Flashcards in Chapter 5 Deck (26):
Ascending reticular activating system (ARAS)
The afferent fibres running through the reticular formation that influence physiological arousal.
Periodic fluctuations in physiological functioning.
A splitting off of mental processes into two separate, simultaneous streams of awareness.
A diverse group of drugs that have powerful effects on mental and emotional functioning, marked most prominently by distortions in sensory and perceptual experience. LSD, mescaline, psilocybin.
A systematic procedure that typically produces a heightened state of suggestibility.
ROLE-PLAYING - people act the way they think hypnotized people are supposed to.
ALTERED STATE OF CONSCIOUSNESS - watch brain activity.
According to Freud, the hidden or disguised meaning of the events in a dream.
Lucid dreams `
Dreams in which people can think clearly about the circumstances of waking life and the fact that they are dreaming, yet they remain asleep in the midst of a vivid dream.
Manifest content `
According to Freud, the plot of a dream at a surface level.`
A compound drug related to both amphetamines and hallucinogens, especially mescaline; commonly called “ecstasy.”`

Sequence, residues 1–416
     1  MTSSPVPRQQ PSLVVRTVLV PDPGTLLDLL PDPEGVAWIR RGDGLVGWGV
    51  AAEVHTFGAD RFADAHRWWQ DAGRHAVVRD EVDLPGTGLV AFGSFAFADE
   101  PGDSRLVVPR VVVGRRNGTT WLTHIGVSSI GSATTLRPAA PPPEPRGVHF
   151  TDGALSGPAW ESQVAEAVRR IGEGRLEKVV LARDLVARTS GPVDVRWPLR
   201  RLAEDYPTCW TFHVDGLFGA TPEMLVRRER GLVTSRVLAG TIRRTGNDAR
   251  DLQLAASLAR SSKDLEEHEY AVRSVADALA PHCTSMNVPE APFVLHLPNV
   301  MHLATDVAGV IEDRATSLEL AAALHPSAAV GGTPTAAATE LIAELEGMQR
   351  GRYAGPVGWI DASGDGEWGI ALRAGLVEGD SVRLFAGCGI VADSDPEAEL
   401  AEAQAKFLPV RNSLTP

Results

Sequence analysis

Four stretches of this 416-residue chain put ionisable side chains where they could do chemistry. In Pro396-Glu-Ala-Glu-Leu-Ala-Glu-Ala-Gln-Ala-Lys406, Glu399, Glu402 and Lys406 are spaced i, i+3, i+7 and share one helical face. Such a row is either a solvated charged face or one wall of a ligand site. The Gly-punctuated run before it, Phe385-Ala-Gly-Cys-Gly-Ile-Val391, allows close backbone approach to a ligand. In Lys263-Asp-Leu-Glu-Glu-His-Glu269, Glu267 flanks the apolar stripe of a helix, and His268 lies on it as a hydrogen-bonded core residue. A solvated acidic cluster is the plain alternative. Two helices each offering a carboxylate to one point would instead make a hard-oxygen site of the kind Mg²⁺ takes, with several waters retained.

A family of mental exercises in which a conscious attempt is made to focus attention in a nonanalytical way.
Drugs derived from opium that are capable of relieving pain. Morphine, heroin
Abrupt awakenings from NREM sleep accompanied by intense autonomic arousal and feelings of panic.
Anxiety-arousing dreams that lead to awakening, usually from REM sleep.
Non-REM (NREM) sleep
Sleep stages 1 through 4, which are marked by an absence of rapid eye movements, relatively little dreaming, and varied EEG activity. dreams are not story-like and less vivid.
The condition that exists when a person must continue to take a drug to avoid withdrawal illness.
Chemical substances that modify mental, emotional, or behavioural functioning.
The condition that exists when a person must continue to take a drug in order to satisfy intense mental and emotional craving for the drug.
A deep stage of sleep marked by rapid eye movements, high-frequency brain waves, and dreaming.
Sleep-inducing drugs that tend to decrease central nervous system activation and behavioural activity. barbiturates (seconal) nonbarbituates (quaadlude)
Slow-wave sleep (SWS)
Sleep stages 3 and 4, during which low-frequency delta waves become prominent in EEG recordings.
Arising and wandering about while remaining asleep.
Drugs that tend to increase central nervous system activation and behavioural activity. amphetamines, cocaine.
A progressive decrease in a person’s responsiveness to a drug.
naming something with explaining it. "Frank drinks too much because he is an alcoholic". The term 'alcoholic' is a summary label.
beta - awake
alpha - meditation, drowsy
theta - stage 1 sleep, stage 2 (sleep spindles)
delta - slow-wave sleep stages 3 & 4
REM - low voltage, high frequency (resemble beta)